Institutional members access full text with Ovid®

Differential Display of Messenger Ribonucleic Acid: A Useful Technique for Analyzing Differential Gene Expression in Human Brain Tumors

Uchiyama, Christopher M. M.D., Ph.D.; Zhu, Jiguang Ph.D.; Carroll, Rona S. Ph.D.; Leon, Steven P. M.D.; Black, Peter McL. M.D., Ph.D.

Experimental Technique

IN THIS STUDY, a differential display method for messenger ribonucleic acid was successfully used to identify genes differentially expressed between normal human brain and malignant glioma tissues. A total of 60 differentially expressed sequences were initially identified, of which 21 were cloned and sequenced. Twenty of the cloned sequences represented novel genes, and one sequence represented a kinesin heavy chain (KHC) gene isoform. The KHC isoform was selected for further characterization. Northern blots of total ribonucleic acid isolated from normal brain and a glioblastoma were probed with our KHC probe and confirmed the differential expression of this gene. Expression analysis of a variety of normal human tissues demonstrated that this KHC isoform is expressed only in brain tissues, with no detectable expression in placenta, spleen, kidney, lung, liver, or skeletal muscle. Our results confirm the rapid and sensitive nature of the differential display technique in identifying differential gene expression. This method offers a means to identify new genes of biological interest in human brain tumors such as oncogenes, tumor suppressor genes, and tumor-specific markers.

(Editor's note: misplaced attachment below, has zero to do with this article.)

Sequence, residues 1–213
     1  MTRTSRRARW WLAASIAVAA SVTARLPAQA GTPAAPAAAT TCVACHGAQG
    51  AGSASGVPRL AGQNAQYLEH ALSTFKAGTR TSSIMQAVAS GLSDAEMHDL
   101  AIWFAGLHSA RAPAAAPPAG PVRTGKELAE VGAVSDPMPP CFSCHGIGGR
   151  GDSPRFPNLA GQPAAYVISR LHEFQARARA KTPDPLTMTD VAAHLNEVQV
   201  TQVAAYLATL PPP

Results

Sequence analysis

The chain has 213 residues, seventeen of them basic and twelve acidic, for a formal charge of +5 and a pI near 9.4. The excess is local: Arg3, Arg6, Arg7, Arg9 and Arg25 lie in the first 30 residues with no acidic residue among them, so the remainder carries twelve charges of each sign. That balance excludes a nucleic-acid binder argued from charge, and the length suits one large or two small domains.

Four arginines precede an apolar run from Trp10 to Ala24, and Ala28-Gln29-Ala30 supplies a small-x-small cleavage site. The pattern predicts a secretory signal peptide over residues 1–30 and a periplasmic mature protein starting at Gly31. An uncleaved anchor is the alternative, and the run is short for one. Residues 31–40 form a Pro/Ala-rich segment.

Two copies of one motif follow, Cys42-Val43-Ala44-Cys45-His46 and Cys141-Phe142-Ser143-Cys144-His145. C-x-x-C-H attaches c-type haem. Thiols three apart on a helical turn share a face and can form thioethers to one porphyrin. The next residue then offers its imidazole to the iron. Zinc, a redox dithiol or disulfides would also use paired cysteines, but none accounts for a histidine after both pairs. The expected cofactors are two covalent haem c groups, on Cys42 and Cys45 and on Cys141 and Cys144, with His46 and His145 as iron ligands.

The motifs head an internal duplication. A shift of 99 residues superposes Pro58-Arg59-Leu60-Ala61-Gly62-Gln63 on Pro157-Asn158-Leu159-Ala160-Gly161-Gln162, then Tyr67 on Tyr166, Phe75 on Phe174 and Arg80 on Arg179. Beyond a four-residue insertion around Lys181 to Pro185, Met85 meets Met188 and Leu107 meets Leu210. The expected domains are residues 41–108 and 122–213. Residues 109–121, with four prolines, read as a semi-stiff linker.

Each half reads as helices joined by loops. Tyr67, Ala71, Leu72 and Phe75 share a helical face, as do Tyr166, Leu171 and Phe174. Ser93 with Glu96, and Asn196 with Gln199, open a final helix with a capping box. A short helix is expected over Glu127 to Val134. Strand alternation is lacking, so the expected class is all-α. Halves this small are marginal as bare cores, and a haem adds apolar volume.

Neurosurgical Laboratories and the Brain Tumor Center, Brigham and Women's Hospital (CMU, JZ, RSC, SPL, PMcLB), Children's Hospital (CMU, JZ, RSC, SPL, PMcLB), Dana Farber Cancer Institute (CMU, JZ, RSC, SPL, PMcLB), and Harvard Medical School (CMU, JZ, RSC, SPL, PMcLB), Boston, Massachusetts, and Department of Neurosurgery, University of Utah Medical Center (CMU), Salt Lake City, Utah

Reprint requests: Peter McL. Black, M.D., Ph.D., Brigham & Women's Hospital, 75 Francis Street, Boston, MA 02115.

Received, October 25, 1994. Accepted, March 20, 1995.

Copyright © by the Congress of Neurological Surgeons